“... and they brought it to David.”
Without “the Three” our soul’s longings cannot ever be fulfilled and satisfied. We long to love, and to be loved. We long to belong, and to make others belong. If only there is a Father we can never share in Divine Perfection, for we would be children, offspring, sons and daughters and God would be no child. If only there were a Son we could not be made perfect in love; for our souls yearnings can only be fulfilled by the deep sense of belonging that can only come in the embrace of Abba. If only there were a Spirit we could not be saved, for we are creatures with bodies, and must be saved by a Divine Body. Fr. Dumitru Staniloae says “Only [the] perfect community of [The Trinity] can nourish, with its unending and perfect love, our thirst for love in relation to it and between ourselves. This nourishing can’t only be theory, but it must be lived too. This is so because love isn’t satisfied with only being theory, but wants to give itself, to welcome and be welcomed.” We are saved then, as St Cyril says, “by the whole and con-substantial Trinity; Father, Son, and Spirit”
St Symeon the New Theologian says of the man who drinks of God’s life “God dwells in him and becomes for him all that he desires, or rather, more than he desires. For God who is all goodness fills the soul in which He dwells with all goodness as far as our nature is capable of receiving it, because God is infinite and cannot be contained by any created nature… [this man] immediately becomes dizzy and is struck with amazement as he thinks of himself and who he is to be counted worthy to behold such things. As he looks on the greatness of God‘s loving kindness he is struck with amazement” . The man who drinks in God’s life through prayer finds that God has become all that He desires, and in fact, much more. St Maximus the Confessor says of the man whose mind always contemplates God “his desire grows beyond all measure into an intense longing for God and his incensiveness is completely transformed into divine love. For by continual participation in the divine radiance his intellect becomes totally filled with light… filling it with an incomprehensible and intense longing for Him and with unceasing love, thus drawing it entirely away from worldly things to the divine". We are delivered from ‘worldly things’ not by our supremely powerful ascetic exercise, but by contemplating Divine Love until ‘desire grows beyond all measure’. We are always longing for the Water from Bethlehem. We are David, in Christ, the Beloved of the Trinity, we long for their Living Water, and the Three bring it to us. In drinking it, it springs up in us. In springing up it washes us. And, in washing us it makes us liken unto itself.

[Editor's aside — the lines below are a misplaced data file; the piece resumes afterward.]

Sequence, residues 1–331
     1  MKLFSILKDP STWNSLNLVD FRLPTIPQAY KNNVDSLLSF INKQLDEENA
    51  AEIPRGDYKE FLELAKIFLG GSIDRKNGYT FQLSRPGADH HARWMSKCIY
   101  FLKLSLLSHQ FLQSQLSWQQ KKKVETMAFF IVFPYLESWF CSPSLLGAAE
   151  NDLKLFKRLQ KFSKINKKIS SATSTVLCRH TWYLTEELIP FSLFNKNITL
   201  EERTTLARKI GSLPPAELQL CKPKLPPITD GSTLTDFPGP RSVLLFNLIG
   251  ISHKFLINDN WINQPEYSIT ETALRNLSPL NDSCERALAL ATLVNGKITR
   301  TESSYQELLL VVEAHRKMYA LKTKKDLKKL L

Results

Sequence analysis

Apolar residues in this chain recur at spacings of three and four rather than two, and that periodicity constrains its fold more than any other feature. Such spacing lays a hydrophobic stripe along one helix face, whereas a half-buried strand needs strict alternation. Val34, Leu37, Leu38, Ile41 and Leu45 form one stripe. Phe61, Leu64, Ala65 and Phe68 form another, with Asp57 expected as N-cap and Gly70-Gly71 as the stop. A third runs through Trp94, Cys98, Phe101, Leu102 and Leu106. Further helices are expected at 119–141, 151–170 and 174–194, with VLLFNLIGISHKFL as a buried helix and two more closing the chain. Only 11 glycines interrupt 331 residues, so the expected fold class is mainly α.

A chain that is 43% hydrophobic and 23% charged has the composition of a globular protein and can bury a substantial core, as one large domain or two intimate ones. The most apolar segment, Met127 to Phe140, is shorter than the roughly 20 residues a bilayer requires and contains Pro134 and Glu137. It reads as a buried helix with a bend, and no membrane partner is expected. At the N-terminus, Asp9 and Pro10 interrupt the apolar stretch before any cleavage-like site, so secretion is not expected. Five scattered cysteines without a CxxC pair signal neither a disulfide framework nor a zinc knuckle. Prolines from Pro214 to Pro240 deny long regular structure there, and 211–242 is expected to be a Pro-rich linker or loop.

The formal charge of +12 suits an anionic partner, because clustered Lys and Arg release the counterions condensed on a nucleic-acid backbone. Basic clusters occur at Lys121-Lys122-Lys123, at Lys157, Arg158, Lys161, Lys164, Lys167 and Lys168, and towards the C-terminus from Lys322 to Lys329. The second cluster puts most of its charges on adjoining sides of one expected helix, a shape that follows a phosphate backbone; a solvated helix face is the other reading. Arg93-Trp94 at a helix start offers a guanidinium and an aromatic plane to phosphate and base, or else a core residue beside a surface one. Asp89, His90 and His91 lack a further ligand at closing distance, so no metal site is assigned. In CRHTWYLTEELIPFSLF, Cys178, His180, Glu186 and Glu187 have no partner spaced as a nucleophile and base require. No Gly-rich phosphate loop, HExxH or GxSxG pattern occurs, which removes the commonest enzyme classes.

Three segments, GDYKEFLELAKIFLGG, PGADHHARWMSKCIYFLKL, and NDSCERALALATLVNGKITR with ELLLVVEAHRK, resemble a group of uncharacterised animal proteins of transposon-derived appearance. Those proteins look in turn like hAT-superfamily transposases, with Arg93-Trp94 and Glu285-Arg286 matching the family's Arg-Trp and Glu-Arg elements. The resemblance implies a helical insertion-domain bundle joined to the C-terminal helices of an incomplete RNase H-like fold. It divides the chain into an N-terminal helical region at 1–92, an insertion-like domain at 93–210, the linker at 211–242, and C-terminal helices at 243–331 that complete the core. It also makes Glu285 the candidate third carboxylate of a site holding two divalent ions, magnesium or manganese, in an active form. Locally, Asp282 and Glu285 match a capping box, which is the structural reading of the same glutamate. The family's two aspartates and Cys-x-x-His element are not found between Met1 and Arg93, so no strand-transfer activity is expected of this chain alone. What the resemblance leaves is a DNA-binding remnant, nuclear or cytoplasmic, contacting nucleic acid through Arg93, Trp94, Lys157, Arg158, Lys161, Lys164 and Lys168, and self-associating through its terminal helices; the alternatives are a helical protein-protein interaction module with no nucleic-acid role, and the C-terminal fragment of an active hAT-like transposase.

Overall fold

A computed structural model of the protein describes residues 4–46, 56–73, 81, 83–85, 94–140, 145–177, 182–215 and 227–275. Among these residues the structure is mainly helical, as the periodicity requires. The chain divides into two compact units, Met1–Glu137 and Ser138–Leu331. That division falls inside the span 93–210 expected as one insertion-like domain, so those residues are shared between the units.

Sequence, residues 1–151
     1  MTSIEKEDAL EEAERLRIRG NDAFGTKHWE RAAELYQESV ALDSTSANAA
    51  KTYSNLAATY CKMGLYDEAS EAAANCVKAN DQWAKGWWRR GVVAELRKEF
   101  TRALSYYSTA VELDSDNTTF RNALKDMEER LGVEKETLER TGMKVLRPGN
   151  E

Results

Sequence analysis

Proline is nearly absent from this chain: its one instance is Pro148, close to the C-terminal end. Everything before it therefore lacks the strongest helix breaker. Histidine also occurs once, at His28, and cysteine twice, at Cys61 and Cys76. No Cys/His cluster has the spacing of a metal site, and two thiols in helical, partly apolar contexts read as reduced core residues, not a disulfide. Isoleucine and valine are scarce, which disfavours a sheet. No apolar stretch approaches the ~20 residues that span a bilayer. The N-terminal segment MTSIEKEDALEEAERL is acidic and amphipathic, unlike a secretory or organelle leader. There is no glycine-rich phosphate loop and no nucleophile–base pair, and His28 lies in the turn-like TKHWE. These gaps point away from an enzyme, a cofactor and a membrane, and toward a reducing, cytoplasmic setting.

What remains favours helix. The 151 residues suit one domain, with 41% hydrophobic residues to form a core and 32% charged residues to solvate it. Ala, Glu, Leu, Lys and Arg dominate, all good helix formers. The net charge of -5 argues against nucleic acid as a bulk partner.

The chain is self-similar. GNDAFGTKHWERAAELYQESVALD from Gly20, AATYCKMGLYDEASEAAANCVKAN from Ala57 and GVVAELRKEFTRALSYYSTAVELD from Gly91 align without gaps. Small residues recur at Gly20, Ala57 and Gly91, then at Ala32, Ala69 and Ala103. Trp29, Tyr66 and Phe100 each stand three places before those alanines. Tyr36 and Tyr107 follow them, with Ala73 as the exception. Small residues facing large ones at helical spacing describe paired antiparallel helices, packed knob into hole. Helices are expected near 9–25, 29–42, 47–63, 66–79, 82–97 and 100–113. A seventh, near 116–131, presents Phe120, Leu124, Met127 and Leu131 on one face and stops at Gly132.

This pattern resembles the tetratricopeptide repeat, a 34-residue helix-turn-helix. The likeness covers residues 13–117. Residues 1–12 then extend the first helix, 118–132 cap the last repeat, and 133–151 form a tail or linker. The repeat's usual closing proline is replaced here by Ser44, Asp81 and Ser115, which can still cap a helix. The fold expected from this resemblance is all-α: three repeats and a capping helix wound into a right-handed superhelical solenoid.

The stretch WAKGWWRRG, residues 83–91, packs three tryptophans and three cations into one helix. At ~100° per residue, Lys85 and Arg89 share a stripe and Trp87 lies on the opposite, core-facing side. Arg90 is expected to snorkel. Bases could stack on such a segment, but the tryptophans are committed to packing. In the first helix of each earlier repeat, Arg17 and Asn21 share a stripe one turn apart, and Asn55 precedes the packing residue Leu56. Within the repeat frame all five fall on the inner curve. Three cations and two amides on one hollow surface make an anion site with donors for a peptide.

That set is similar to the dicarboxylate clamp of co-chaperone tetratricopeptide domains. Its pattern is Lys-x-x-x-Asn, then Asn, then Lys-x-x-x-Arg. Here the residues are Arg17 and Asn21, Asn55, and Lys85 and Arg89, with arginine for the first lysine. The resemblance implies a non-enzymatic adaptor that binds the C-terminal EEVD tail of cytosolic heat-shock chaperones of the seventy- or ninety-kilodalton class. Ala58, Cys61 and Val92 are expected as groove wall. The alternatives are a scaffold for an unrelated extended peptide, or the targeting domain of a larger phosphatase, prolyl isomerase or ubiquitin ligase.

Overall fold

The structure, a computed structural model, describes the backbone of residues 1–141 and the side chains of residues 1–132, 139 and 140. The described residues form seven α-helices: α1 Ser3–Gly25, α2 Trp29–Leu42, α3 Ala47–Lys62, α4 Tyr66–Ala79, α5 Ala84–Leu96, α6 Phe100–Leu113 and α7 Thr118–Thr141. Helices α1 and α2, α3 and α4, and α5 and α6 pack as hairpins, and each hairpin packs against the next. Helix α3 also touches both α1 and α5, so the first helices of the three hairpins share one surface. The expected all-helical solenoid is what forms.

This role of Identity and Name is truly integral to the Mystery. David’s name means Beloved. The Three always bring the Water to “David”, the Beloved from Bethlehem. In order to have our longings satisfied we must “have faith”, “trust”, and “be convinced” that we are, in God’s Son, wholly and principally Beloved. How oft we cannot taste the water of Life springing up from the Well within for we are unaware of our own Beloved-ness to God. As Jacob said “the Lord is in this place and I knew it not” is surely the Spirit’s work in us, to “convict us of righteousness”. To convince our hearts of the belovedness we have in God’s Son. To make us aware of the One who has never left us, we have simply not paid attention.
“But David would not drink of it; he poured it out to the Lord and said, “My God forbid that I should do this. Can I drink the blood of these men?”
David’s spirit longed to drink the blood of Christ, He could not settle for the blood of mere men. He thirsts for the substance and must pour out the shadow. St. Ignatius of Antioch had tasted this glorious Well from bethlehem and said “I have no taste for corruptible food nor for the pleasures of this life; I desire the Bread of God, which is the Flesh of Jesus Christ, who was of the seed of David, and for drink I desire His Blood, which is love incorruptible.” and again he says “My Love has been crucified, and there’s no fire in me desiring to be fed; but there is within me a water that lives and speaks saying to me inwardly “Come to the Father”. This water within him is none other than the Trinity, the End of all desire. The Spirit and the Son calling forth within us “come to the Father”. ‘Come and find your home in me’ He says. ‘You were made for my pleasure, and my embrace’. With one look from our Lover’s eyes we are embraced and permeated with an infinite and boundless love; we sense a deep and abiding knowledge that we belong. We were made for His embrace, and our hearts are restless, ever crying out for water from the Well of Bethlehem until it finds its rest in His arms.